Mr. Bardem, best known to American audiences for his chillingly persuasive embodiment of evil in "No Country for Old Men," combines muscular, charismatic physicality with an almost delicate sensitivity, and this blend of the rough and the tender gives Biutiful a measure of emotional credibility that it may not entirely deserve.
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Sometimes it seems as if Iñárritu is literally carving out his actor's heart, so tangible does Bardem make Uxbal's fears. Iñárritu has so much that he wants to say - too much, in fact, and the film's central weakness - that he has created an emotional tsunami for both the actors and the audience.
We've come to expect diminishing returns from the once-promising Mexican director who then gave the world "Babel," but the combination of wallowing humanistic-cinema overkill and outright ridiculousness he lays out here represents a new low. Biutiful is not a tragedy. It's a straight-up travesty.
Here, it's all Bardem, and this great actor's careworn face and sensitive presence counts for a lot. He ultimately can't save the soul of Biutiful, but he makes the journey easier.
However much Uxbal tries to help Barcelona's dispossessed, Biutiful doesn't really have anything to say about the modern world's economic migrants. Indeed, it could even be said that the movie exploits them.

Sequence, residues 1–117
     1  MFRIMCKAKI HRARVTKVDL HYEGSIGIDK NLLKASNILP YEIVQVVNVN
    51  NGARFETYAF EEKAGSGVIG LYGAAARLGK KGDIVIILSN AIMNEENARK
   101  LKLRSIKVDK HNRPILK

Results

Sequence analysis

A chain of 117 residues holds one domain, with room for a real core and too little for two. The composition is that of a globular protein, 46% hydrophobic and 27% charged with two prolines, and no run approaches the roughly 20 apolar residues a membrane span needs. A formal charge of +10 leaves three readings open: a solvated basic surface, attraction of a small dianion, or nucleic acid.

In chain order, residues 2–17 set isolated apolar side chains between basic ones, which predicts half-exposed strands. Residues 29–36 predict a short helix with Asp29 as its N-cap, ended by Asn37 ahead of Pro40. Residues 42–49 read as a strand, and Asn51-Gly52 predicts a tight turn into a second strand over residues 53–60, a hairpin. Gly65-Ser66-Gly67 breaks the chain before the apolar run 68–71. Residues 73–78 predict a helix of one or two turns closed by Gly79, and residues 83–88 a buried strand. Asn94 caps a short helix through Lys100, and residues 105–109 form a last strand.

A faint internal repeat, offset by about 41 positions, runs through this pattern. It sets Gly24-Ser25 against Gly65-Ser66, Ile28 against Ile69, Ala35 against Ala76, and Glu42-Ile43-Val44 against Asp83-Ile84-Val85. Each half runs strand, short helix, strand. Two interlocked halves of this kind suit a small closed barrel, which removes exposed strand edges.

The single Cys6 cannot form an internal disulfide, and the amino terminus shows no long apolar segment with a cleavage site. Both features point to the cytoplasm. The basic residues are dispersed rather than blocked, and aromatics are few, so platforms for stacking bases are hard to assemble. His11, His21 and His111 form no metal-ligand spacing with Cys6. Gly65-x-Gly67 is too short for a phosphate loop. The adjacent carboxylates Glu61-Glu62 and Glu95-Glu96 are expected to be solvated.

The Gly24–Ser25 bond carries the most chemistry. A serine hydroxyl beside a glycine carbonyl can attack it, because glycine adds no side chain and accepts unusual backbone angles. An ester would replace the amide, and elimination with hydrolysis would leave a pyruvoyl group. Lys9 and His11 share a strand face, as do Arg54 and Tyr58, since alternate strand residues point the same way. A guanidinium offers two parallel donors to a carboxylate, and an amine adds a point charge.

The hardest movies to review are the ones you respect and admire but don't love and also - and this is the crucial part - aren't angered by. Director Alejandro Gonzalez Inarritu's Biutiful is just that sort of film.
Though its structure may be whittled down in comparison with the earlier works, Biutiful is even more morbidly obese than "Babel" in terms of soggy ideas, elephantine with miserabilist humanism and redemption jibber-jabber.
Biutiful, which gets it name from a child's misspelling of the word, is in itself a beautiful, mesmerizing film and Iñárritu's masterpiece.
Shot hand-held with a poet's eye by Rodrigo Prieto, the film is relentless but as riveting as the world a remarkable actor lets us see through Uxbal's eyes. Bravo, Bardem.
In spite of fine work from Bardem and Álvarez, Biutiful is an irritating, oppressive 150-minute dirge, not the step forward Iñárritu's dissolved partnership with Arriaga seemed to promise.